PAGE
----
Not everybody feels like sharing, of course.
Some people are extremely private or they just want to feel as normal as possible and once cancer’s out of the bag, you will be treated differently. Others are concerned about stigma (think lung cancer patients who constantly have to field questions about smoking). Or they worry a diagnosis will jeopardize their job — or more importantly, their insurance coverage.
“It’s not uncommon to have people be very stealth about it at work,” said McGregor.
Thanks to wigs, prosthetics, makeup and good nausea and pain meds, secret cancer is doable. But there’s a trade-off to keeping cancer on the down-low.
“If you want to keep it secret then you won’t be able to benefit as much from the support,” said McGregor. “I have a lot of respect for people who can’t talk about [their cancer] because it’s helpful to be able to talk about it and it takes energy to keep secrets. And energy is like gold when you’re a cancer survivor.”
Blabbermouths and boneheaded remarks
Keeping cancer a secret also means relying on your inner circle to keep their traps shut. And there’s the rub.
When Rebecca Matos, a 30-something project manager from New York was diagnosed with breast cancer, she shared the news with her mom and a few close friends. But one of those friends told others who told others — bad news travels fast — and Matos soon found herself inundated by phone calls and emails, including one from a childhood friend who chastised her for keeping quiet.
“She said awareness was important and I wasn’t doing the ‘right thing’ to help other women,” said Matos. “I told her I had to do my cancer my own way and asked her to keep it quiet but she started spreading it everywhere. Now everybody knows — I have a blog — and that’s OK. But it’s about timing. People need to understand that. Patients are entitled to handle their cancer mess the way they wish to. One way to help a patient is to respect their wishes.”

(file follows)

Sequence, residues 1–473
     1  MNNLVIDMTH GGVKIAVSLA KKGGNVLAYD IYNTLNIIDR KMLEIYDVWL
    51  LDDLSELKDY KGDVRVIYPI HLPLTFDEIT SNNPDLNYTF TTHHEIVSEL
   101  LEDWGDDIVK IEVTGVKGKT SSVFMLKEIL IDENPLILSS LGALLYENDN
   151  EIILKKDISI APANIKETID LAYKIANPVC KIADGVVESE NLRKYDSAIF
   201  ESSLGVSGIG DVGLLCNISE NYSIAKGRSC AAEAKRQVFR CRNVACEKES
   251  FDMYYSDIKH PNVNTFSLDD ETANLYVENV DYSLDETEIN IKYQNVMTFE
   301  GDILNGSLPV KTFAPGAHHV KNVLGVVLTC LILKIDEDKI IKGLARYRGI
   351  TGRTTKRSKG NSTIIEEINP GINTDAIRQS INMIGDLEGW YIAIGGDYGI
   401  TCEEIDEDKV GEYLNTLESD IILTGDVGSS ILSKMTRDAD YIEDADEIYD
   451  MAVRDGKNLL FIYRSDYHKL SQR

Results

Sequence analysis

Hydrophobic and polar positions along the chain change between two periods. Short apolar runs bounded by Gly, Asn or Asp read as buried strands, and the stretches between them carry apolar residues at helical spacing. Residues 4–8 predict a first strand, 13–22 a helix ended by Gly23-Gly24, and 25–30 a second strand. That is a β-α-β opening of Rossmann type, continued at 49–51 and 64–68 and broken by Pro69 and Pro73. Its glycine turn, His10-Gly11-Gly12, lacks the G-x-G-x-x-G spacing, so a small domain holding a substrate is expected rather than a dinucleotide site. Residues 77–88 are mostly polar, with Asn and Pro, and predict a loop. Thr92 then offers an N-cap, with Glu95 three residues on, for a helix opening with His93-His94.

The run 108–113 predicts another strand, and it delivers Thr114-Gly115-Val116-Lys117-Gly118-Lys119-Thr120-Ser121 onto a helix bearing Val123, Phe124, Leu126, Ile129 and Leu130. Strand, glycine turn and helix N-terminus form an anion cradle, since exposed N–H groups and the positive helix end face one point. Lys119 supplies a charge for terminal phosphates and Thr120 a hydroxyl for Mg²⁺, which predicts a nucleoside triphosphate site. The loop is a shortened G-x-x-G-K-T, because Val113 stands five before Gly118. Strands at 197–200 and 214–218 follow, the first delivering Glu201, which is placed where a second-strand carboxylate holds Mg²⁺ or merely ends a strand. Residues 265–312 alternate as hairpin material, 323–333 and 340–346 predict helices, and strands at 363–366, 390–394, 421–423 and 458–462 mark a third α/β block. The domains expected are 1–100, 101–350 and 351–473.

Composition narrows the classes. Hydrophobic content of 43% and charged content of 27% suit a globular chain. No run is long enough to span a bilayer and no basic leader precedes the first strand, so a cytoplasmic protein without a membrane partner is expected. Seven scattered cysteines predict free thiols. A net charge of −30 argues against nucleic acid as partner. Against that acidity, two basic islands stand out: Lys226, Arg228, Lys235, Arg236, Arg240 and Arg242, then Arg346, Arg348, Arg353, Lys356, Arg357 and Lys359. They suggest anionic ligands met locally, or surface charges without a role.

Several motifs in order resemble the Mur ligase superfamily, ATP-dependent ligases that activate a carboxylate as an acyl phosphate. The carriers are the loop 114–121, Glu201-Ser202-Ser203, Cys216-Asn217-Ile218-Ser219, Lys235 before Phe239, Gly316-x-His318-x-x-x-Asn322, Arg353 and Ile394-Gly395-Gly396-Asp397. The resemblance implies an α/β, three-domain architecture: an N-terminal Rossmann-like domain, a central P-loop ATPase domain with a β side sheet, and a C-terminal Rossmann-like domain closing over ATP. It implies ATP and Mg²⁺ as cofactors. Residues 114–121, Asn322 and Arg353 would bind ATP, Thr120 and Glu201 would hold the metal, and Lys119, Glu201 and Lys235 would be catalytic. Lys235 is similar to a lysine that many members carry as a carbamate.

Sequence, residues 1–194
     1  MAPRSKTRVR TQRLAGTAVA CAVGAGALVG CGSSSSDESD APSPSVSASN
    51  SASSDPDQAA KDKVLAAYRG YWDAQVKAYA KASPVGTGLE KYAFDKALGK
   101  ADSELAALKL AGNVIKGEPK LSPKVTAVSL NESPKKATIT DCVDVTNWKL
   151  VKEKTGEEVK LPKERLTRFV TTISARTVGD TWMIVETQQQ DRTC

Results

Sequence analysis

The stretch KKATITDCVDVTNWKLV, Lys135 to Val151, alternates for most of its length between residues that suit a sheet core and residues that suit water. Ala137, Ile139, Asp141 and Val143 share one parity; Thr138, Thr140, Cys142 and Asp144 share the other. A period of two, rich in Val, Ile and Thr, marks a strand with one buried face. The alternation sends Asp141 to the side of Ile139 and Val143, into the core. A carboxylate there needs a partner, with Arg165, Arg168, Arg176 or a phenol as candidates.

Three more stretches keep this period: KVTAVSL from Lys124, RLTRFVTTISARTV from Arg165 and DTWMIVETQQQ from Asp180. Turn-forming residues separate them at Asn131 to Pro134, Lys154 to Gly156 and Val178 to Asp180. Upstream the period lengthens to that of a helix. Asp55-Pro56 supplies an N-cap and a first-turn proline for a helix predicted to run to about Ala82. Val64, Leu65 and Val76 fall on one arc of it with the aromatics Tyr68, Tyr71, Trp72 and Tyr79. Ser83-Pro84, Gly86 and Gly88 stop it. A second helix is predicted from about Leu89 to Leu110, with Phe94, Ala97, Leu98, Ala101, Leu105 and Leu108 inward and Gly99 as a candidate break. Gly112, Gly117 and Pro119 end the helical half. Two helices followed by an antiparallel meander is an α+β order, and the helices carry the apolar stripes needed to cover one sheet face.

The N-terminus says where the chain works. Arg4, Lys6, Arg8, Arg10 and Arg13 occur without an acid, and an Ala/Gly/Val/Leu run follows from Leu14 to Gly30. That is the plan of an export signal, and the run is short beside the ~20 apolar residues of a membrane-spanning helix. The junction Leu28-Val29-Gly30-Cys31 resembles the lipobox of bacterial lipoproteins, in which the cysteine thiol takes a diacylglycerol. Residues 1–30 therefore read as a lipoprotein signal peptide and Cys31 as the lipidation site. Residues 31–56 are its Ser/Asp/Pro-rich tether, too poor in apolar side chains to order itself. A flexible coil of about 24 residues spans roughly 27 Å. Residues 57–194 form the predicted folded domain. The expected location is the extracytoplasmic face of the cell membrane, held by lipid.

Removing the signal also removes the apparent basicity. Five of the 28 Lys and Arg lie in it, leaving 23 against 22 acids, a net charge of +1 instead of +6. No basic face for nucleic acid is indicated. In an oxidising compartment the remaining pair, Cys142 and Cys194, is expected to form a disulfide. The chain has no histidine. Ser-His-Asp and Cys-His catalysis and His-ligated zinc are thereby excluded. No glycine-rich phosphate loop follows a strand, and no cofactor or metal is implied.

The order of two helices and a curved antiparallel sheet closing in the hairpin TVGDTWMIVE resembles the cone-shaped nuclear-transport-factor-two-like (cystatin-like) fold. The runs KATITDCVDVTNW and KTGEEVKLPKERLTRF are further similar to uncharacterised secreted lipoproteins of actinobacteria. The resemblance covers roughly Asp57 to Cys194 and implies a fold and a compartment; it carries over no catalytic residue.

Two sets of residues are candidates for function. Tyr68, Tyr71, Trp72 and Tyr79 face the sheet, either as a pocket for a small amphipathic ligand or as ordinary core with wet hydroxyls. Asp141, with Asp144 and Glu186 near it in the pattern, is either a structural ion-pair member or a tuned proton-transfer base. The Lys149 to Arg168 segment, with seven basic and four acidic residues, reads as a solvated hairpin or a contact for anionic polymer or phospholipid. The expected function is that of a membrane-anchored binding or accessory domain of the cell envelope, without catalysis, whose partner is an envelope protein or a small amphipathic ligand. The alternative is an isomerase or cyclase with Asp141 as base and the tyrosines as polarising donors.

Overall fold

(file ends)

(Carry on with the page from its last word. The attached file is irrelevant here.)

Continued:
Friends may freak and strangers will step up
Fear can also drive people away.
When I came out, most of my friends were 100 percent supportive, but a guy I was dating scurried off into the sunset and two longtime gal pals simply disappeared. I won’t lie: this behavior — known as “ghosting” in the dating world — was painful. It was also quite illuminating as to who my real friends were.
But here’s a little cancer secret: for every friend that takes a powder, there are usually three or four casual connections who will step up to help in wonderful ways. People I barely knew sent me books, pies, flowers, food, and a handmade blanket. It was incredible and humbling.
It’s also common, said McGregor.
“People you don’t think of as very good friends will step up and help in ways you can’t imagine,” she said. “One woman [had] a coworker she didn’t know all that well to offer to bathe her dog once a week. It was the most important thing anybody did for her.”
As for those dear friends who fade, McGregor said it’s not about you, it’s about them.
“They may have their own feelings of grief and it’s hard for them to imagine [you] being sick,” she said. “Or they’re not sure what to do or say. Cancer can be scary and you don’t know what buttons are going to be pushed in friends and family members. One of the issues we talk about in our [patient support] group is that not everybody can meet your needs.”
But even if others aren’t there for you, McGregor said, you will be.
“When you get a cancer diagnosis, you have to confront your mortality and there’s something in doing that,” she said. “It pits you against something really big and you strengthen your emotional muscle. You get a new yardstick, as far as what you can handle and what’s important and what’s not.”